3 Things to Know About Ignition Interlock in Georgia - The Atlanta DUI News Blog

The Atlanta DUI News Blog

3 Things to Know About Ignition Interlock in Georgia

How much do you know about ignition interlock law in Georgia? DUI laws vary by state, meaning so do their penalties. Ignition interlock, while it is a rather pesky device, allows a DUI offender to still drive, even if they could be given a suspended license.

The device itself has to be installed by the driver in his or her car. Once it's installed, the driver must then blow into the device every time they get into their car. If the system registers the driver's breath with no trace of alcohol detected, then the engine will start. If there is any alcohol detected over approximately 0.00%, the engine won't start.

In addition to those basics, here are three things you should know about ignition interlock laws in Georgia:

  1. Second-time offenders. Most states, like Georgia, only require an ignition interlock device if someone has received two or more DUIs. Therefore, for first-time offenders, the usual punishment of a license suspension will be their only option. However, recently there have been more and more proposals and support for either a uniform rule for all 50 states, or just for some states to implement the ignition interlock device as part of a first-offender's punishment.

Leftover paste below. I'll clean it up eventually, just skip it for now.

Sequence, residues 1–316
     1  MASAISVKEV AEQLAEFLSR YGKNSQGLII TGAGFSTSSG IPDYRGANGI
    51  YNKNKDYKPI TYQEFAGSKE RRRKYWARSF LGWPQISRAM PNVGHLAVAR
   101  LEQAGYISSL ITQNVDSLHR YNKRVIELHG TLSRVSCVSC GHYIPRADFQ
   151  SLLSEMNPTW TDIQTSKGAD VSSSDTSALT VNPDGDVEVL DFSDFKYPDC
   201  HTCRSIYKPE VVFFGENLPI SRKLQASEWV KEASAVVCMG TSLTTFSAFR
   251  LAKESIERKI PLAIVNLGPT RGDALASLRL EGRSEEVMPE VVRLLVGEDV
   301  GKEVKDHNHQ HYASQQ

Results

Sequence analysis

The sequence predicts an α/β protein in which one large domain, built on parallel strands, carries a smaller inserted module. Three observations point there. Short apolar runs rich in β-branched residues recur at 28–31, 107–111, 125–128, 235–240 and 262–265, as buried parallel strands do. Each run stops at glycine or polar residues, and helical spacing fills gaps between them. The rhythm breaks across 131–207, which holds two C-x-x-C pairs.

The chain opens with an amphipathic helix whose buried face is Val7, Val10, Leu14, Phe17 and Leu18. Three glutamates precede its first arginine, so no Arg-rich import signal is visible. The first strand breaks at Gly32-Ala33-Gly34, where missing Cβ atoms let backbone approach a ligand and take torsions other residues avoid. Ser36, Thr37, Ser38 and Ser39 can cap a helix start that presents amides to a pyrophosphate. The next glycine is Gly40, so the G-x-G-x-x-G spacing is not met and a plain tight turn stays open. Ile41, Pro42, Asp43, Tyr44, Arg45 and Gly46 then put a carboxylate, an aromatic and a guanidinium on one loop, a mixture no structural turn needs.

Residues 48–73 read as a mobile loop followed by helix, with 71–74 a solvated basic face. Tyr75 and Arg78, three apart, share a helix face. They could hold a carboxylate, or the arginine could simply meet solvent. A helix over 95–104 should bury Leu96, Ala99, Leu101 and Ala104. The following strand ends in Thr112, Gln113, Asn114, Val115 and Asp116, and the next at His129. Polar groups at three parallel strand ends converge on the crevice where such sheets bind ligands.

2. Mouthwash and other 'non-alcohol' Those with the device should be wary not only about drinking alcohol closely before getting into a car, but other items that contain alcohol. Alcohol containing products like mouthwash, cough syrup, or even hand sanitizer can set off the device, leaving you unable to start your car. In fact, there have even been instances of people getting drunk off mouthwash and getting arrested for a DUI because of it. So be extra cautious when rinsing in the morning, or after meals.
  3. Lockout. Lockouts may occur while operating your ignition interlock devices. Georgia's ignition interlocks have varying levels of this. There may be a temporary 15-minute lockout if you initially don't pass -- remember, because things like mouthwash can set the device off, take this time to rinse your mouth out with water. There also may be lockouts during restricted driving times, depending on your court order. It's best to know what these restrictions are, so you aren't in for a surprise when you need to drive somewhere.

Lastly, remember the only sure way to avoid an ignition interlock device: never drink and drive!

Related Resources: